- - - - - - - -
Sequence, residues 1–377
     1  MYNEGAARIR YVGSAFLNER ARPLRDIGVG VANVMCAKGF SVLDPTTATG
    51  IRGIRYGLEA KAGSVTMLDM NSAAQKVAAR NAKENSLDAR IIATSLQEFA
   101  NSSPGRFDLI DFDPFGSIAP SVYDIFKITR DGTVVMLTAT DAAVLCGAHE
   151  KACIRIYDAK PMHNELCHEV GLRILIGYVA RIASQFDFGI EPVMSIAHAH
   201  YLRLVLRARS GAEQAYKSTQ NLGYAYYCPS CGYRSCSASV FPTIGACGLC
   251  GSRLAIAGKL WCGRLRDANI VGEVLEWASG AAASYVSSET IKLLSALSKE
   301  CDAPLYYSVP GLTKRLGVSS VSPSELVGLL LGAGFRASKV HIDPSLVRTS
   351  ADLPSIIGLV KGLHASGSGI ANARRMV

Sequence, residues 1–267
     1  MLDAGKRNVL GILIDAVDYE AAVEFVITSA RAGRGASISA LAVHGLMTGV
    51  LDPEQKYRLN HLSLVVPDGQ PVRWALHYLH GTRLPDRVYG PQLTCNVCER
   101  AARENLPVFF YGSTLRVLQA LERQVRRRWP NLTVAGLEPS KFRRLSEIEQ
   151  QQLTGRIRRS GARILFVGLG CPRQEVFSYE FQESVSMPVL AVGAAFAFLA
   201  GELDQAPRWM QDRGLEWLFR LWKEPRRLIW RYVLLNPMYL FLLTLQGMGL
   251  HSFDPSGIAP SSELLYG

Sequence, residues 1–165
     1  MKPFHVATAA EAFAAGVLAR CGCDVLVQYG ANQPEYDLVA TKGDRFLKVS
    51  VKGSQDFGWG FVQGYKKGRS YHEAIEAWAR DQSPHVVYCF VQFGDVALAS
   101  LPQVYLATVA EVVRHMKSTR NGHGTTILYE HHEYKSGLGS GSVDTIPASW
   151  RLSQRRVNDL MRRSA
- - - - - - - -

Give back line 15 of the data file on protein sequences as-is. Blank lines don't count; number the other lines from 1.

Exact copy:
   201  GELDQAPRWM QDRGLEWLFR LWKEPRRLIW RYVLLNPMYL FLLTLQGMGL